Here's the issue at stake: The Child Tax Credit benefits many low-income families and was expanded in 2009 to raise the tax credit per eligible child to $1,000; beneficiaries also would qualify for a 15 percent tax refund on income earned above $3,000. (The recent fiscal cliff deal continues that expansion for another five years.) However, under current law, neither taxpayers nor their children have to provide a Social Security number to receive benefits; they can alternatively provide Individual Taxpayer Identification Numbers, which are issued by the Internal Revenue Service.
Republicans say that illegal immigrants have abused the system to receive the refundable tax credit from the government. They point to a 2011 report from the Treasury Department's Inspector General for tax administration, which said that unauthorized workers received $4.2 billion in refundable Child Tax Credits in 2010, recommending that the provision be changed. Republicans want to change the law to require a Social Security number to receive the refundable credit, casting the provision as a government handout given to tax cheats.
The change appears to be the only new tax-revenue increase in the House's 2012 sequester-replacement bill. But it's one that some of Congress' most conservative members are willing to support. "Call it a loophole, tax fraud, or government at its most outrageous, but it’s got to stop," Vitter wrote in an op-ed last year. "It’s not a tax deduction or credit that requires the recipient to actually pay any taxes. It’s a taxpayer-funded check from the federal government via the refundable Child Tax Credit program."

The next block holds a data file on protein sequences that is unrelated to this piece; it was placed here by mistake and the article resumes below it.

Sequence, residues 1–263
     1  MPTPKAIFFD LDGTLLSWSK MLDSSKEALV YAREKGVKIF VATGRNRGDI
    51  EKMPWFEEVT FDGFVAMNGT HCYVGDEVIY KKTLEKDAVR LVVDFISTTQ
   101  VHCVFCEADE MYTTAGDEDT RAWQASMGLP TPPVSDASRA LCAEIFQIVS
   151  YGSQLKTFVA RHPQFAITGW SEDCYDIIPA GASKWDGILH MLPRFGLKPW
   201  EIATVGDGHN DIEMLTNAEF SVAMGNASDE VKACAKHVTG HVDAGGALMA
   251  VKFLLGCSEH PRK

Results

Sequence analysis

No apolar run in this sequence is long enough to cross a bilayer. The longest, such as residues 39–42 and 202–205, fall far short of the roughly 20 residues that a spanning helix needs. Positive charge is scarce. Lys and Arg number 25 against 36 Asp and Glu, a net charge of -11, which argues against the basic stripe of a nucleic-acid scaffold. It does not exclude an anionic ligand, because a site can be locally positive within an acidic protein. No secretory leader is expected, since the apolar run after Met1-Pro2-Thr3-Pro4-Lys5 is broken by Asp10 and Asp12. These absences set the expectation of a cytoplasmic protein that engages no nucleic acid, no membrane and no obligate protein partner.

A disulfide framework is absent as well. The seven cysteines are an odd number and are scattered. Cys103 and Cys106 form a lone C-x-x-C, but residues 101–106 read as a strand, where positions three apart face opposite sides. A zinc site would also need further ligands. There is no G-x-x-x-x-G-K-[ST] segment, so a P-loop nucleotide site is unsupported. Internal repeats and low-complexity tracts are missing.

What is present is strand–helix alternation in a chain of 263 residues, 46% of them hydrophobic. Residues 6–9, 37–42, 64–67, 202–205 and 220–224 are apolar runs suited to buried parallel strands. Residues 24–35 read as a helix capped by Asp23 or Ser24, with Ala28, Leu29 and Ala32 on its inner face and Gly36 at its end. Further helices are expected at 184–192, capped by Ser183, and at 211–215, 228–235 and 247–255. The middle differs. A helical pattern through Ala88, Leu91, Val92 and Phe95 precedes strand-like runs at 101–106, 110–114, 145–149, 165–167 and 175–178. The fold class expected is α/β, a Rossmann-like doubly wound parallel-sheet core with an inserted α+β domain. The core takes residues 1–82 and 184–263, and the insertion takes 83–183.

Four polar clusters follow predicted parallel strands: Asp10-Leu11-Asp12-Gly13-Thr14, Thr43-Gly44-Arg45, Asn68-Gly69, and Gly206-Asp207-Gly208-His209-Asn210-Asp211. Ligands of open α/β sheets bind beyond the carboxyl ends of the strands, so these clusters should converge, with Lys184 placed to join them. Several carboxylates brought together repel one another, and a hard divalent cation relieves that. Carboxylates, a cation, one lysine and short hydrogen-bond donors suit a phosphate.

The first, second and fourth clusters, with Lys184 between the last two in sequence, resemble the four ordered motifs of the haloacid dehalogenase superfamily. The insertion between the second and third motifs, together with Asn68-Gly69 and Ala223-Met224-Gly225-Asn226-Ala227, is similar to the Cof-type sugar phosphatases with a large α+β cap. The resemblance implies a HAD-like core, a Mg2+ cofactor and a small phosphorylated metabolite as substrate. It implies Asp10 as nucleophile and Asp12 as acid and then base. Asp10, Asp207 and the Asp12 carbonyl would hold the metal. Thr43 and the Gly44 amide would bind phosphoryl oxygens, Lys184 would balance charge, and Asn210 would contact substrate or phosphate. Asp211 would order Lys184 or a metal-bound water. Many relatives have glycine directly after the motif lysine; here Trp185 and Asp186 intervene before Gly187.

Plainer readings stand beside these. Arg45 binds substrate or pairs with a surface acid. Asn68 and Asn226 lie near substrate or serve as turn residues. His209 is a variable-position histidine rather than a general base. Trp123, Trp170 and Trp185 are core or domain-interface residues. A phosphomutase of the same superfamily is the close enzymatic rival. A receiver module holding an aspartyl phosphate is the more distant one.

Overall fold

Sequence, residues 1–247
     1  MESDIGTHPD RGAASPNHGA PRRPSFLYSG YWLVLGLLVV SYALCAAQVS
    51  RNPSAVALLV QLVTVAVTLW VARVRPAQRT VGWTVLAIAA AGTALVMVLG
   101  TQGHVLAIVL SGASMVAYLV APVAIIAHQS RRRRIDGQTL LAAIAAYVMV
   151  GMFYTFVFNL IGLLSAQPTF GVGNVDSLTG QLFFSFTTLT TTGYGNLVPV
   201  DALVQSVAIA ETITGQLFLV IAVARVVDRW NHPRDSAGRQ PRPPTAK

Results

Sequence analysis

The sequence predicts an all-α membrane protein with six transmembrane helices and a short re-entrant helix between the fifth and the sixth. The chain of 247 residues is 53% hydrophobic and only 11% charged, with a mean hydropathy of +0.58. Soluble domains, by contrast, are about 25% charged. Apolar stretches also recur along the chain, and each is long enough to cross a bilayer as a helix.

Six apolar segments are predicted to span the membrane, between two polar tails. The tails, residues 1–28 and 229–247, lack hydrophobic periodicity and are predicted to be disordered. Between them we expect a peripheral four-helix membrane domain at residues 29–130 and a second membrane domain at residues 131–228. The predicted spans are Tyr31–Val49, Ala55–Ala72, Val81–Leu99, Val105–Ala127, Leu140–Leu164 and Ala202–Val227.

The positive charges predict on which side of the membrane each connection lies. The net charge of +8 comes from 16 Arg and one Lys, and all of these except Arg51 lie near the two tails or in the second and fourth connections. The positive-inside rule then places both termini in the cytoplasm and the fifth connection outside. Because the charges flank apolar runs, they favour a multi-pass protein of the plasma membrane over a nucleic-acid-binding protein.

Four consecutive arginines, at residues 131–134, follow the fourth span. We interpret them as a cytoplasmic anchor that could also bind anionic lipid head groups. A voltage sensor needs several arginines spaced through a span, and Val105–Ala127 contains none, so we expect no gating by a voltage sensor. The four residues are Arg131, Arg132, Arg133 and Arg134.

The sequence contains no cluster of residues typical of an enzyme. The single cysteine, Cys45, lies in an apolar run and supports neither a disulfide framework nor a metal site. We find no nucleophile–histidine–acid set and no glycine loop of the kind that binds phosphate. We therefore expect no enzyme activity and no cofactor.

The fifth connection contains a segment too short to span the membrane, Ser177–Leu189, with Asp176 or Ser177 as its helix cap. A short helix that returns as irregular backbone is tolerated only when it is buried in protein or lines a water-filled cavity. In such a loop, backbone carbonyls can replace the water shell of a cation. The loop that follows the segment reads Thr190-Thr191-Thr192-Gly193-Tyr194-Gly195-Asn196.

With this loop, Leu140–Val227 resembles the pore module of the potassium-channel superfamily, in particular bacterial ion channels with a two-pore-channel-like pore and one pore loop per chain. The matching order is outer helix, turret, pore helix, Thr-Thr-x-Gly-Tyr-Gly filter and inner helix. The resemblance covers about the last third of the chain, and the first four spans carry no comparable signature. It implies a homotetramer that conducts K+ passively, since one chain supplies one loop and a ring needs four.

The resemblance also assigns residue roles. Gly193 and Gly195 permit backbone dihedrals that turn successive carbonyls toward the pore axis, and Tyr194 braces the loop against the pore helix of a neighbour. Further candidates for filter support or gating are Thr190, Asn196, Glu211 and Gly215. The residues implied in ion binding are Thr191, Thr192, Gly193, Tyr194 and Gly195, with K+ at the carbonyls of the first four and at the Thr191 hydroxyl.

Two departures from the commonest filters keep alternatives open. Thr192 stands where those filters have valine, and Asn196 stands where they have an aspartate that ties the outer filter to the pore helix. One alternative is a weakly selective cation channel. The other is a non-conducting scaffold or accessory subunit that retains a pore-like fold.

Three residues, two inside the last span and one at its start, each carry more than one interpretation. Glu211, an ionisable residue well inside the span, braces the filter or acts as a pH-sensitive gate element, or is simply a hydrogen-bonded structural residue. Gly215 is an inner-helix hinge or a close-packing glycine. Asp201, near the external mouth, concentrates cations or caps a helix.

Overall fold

Elaine Maag, a senior research associate at the Urban Institute, points out that any beneficiary of the refundable Child Tax Credit would have to pay taxes on at least $3,000 in income in order to qualify for a refund. The IRS, moreover, has denied that the provision is a "loophole," saying the law was always meant to benefit those without Social Security numbers. But it also recently tightened the requirements for receiving an ITIN, making it harder for illegal immigrants to receive them.
So it's worth keeping in mind that the House GOP's own sequester-replacement proposal from 2012 does contain a tax revenue raiser—albeit one that targets low-income illegal immigrants. While it's uncertain whether the entire bill could even pass the House again, Senate conservatives like Vitter are keeping the issue alive in their independent efforts to target illegal immigration.